Showing Up—Faithful in Prayer

For years, I have been struggling with being faithful in prayer. It’s not that I find prayer a drudgery. Or, a task I would rather not do, but feel I ought to do. I do enjoy prayer. Really, I do!

However, for years (for decades, even), I have had difficulty with the showing-up-part. God and I have had lots of conversations about this. I have come before the Lord, metaphorical hat in hand, and said “sorry” more times than I can count. Sorry that I was not more regular in prayer. Apologized that I let the whole day (and evening) slip away again, and only came to God really late at night, when I was half asleep on my feet.

Thank goodness something changed. I still don’t know quite what, but it was something I can’t really put my finger on. It was last fall. A really turbulent time in my personal life. Not that I haven’t had other turbulent times in my life before that, because I have. Many. I am no stranger to stuff happening. All manner of trauma, from all kinds of directions.

God has seen me through several decades of this drama. Or, trauma. Or, what have you. However we describe it. Yes, I have been an intermittent pray-er. I love prayer! I have felt so close to God—in such a warm, intimate relationship that I could hardly wait to get back to prayer! But . . . I could never be anything near consistent.

Until last fall. I was using a prayer guide, and doing well. Most days in the week. And then, it got to be almost every weekday. November slipped into December, and I continued with another prayer guide—an Advent reading book of devotions.

Then, 2014 started. I felt led to begin my other blog, A Year of Being Kind (365 Days of Service). On those days that I didn’t pray, I began to feel as if something were missing. Seriously. Yeah, this is me saying this, God. Remember our previous conversations, years ago? When I would come before You, asking forgiveness about my sporadic prayer life? (Yeah, I thought You might remember.)

What do I think about my prayer life right now? I need to suit up. Show up. And whenever, wherever I come into the Lord’s presence, God will be there. God is faithful. I am heartily glad that God is not as sporadic as I have been. Or still am.

Let’s pray. Dear God, thank You for being faithful. Your faithfulness is not only to me, but it is to all generations. Thank You for being there for me—for us. Even though I am so often sporadic in attendance, You aren’t. Help me to continue in regular prayer. Regular conversation and communion with You. Thanks for letting us know how important it is to suit up and show up. In Your grace, mercy and love we pray, Amen.


(also published at www.matterofprayer.net

Doubting? Who’s Doubting What? Who? (Me?)

matterofprayer blog post for Friday, May 23, 2014


Doubting? Who’s Doubting What? Who? (Me?)

I preached on John 20 a few weeks ago, where the disciple Thomas couldn’t (wouldn’t?) believe that the risen Jesus had appeared to the other disciples. About that time, I happened to read a blog post of an Internet acquaintance of mine, Barry, featuring Caravaggio’s intense painting “Incredulity of Thomas.” He gave some indepth analysis of the painting, which shows the risen Christ baring His side to Thomas, inviting Thomas to touch and see that it was indeed Him. In the flesh.

My acquaintance used some excellent Ignatian prayer principles, through inviting his readers to look at the expressions on the faces in the picture. Consider the placement, the movement of hands in this poignant scene. And especially—wonder where you—where I—would be in the picture.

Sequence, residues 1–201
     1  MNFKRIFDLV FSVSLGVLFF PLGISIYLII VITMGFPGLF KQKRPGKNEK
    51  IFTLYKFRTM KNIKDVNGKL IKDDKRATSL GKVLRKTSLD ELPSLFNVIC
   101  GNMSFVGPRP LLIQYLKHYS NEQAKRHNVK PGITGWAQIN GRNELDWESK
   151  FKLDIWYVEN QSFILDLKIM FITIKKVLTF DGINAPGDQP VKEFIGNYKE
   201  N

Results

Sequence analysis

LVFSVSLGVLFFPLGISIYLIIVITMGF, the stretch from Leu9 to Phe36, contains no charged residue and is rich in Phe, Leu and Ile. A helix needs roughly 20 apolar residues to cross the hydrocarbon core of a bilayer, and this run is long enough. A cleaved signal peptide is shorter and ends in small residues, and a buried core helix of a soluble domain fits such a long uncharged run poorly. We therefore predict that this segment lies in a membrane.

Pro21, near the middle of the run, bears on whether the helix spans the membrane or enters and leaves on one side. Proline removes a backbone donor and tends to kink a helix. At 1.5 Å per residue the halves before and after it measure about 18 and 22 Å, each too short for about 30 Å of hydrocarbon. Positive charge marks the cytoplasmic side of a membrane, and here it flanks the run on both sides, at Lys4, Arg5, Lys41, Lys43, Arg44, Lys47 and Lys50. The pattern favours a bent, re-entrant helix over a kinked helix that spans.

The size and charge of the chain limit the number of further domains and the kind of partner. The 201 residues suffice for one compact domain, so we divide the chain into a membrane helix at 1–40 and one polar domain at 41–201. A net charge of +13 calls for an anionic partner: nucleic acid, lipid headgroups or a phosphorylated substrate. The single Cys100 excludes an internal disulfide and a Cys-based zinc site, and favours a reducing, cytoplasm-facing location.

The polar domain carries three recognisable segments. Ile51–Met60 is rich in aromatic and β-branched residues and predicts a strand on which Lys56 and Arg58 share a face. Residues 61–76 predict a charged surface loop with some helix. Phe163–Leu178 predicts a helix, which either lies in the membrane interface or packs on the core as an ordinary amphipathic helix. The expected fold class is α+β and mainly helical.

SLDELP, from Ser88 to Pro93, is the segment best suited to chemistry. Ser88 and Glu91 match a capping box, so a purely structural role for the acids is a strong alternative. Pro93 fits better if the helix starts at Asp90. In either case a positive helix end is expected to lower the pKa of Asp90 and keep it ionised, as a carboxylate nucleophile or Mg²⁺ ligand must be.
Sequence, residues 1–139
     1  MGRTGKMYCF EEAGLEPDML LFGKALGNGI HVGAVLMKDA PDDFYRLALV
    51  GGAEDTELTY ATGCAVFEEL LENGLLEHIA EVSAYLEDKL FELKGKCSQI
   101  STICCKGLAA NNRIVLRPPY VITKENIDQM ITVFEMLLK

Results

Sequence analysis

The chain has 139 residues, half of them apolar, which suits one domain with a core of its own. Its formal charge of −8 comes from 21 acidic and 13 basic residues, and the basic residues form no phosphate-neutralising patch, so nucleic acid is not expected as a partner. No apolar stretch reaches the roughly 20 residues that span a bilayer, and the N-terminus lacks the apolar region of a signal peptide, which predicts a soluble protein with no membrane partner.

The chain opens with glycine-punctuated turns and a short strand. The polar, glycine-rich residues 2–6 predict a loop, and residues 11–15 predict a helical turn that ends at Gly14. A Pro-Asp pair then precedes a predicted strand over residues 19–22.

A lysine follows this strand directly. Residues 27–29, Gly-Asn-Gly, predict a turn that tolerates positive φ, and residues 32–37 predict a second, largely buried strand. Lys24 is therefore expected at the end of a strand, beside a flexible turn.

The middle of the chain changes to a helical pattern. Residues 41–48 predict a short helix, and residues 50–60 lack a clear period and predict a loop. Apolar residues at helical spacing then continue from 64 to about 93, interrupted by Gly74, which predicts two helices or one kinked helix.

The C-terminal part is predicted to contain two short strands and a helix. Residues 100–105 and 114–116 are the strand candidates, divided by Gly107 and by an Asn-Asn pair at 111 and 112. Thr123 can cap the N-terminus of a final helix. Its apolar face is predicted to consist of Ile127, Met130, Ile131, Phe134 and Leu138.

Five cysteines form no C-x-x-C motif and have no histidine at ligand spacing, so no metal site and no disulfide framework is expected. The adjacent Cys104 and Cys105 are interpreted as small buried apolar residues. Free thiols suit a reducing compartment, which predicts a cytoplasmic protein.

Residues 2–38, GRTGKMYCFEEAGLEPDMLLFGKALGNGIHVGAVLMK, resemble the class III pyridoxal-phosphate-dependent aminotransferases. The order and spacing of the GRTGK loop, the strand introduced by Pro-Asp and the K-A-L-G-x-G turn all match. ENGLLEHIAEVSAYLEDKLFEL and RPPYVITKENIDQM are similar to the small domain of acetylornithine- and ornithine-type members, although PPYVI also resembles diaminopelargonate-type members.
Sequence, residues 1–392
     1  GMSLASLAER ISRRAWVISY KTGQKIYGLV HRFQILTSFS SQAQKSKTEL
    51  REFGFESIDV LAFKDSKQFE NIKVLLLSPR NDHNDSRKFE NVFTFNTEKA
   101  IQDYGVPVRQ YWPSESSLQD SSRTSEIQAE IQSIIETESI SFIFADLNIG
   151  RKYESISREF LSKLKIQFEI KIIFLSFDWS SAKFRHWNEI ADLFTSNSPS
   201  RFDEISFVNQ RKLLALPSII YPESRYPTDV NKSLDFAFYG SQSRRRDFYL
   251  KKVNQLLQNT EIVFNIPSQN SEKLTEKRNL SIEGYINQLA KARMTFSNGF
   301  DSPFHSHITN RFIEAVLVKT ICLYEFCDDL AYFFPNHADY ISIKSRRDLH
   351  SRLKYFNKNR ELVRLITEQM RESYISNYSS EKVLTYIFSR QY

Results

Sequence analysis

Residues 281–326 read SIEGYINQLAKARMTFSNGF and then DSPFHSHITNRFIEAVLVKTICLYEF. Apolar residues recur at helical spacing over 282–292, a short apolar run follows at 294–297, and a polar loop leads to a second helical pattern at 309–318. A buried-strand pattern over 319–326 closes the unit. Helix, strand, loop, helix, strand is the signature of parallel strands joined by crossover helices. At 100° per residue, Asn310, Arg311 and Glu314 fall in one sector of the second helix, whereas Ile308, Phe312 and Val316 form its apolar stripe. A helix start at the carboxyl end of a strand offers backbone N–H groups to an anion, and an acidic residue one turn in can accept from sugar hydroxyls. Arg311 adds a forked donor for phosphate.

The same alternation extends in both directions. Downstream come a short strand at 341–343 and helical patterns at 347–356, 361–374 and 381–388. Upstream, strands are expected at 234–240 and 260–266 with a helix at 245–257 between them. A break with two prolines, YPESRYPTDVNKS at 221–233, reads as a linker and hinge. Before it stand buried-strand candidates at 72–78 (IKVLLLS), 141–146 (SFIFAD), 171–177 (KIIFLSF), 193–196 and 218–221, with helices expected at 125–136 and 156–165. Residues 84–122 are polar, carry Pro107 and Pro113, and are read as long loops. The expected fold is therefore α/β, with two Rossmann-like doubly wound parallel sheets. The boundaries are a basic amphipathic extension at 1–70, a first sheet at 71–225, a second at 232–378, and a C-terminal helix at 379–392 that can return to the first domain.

I suspect Thomas was one of those sorts of people who needed concrete proof. Who wanted to know why. Who wanted most (if not all) of the answers.

Using Ignatian prayer and these questions, I could meditate on this picture for a good long time! But my acquaintance Barry didn’t stop there. He ended the post with several thought-questions, to consider. Meditate on. Pray over. One significant question was “How do you feel when you don’t have all the answers?”

Regarding this question, I prefer to have all the information I can. However, after several decades of being an adult and living life, I realize I can’t have all the information! Sometimes, not much information at all. And that’s okay to me, now.

One of my usual explanations I’ve used for some years refers to this concept, precisely. In my journey through life, I sometimes find myself walking through a broad, wide-spread expanse. It’s really foggy. I mean, a pea-soup type fog. I’m holding a lantern. Even with the light, I can’t see more than a step, maybe two, in front of me. But as I said, that’s okay. I know God is right next to me. Even when I can’t see God, I know God’s there. So of course I feel okay about things! (some of the time, at least)

But—what about when the lantern goes out? Darkness. Absence. Unknowing. (What then?)

Periodically, I have been through the wringer. However, I have come out the other side. I don’t know whether you are familiar with 2 Corinthians 1:3-4, but those are two verses that have come to mean much to me. The pain, difficulties and challenges I have experienced are/have been transformed as God has quietly been with me, through them. I can therefore journey alongside of others who are currently or have recently been going through challenging, painful experiences of their own.

Is it easy? Simple? Walk in the park? By no means!! But just as God is with me, in quietness, in that still, small voice, or even in the blessed silence, so I can be with others in their pain.

Let’s come to God and pray. Dear God, One who knows each of us intimately, You understand our hearts. You understand our doubts, our fears, just as much as You understood Thomas. Thank You for Your abundant, forgiving love. Help us—help me to come to You with a trusting heart, and put my hand—our hands in Yours. God, in Your grace and mercy, hear our prayer.

– See Barry’s posts at: http://turningthepage.info/who-are-you-jesus/#sthash.bh6fBLND.dpuf


(also published at www.matterofprayer.net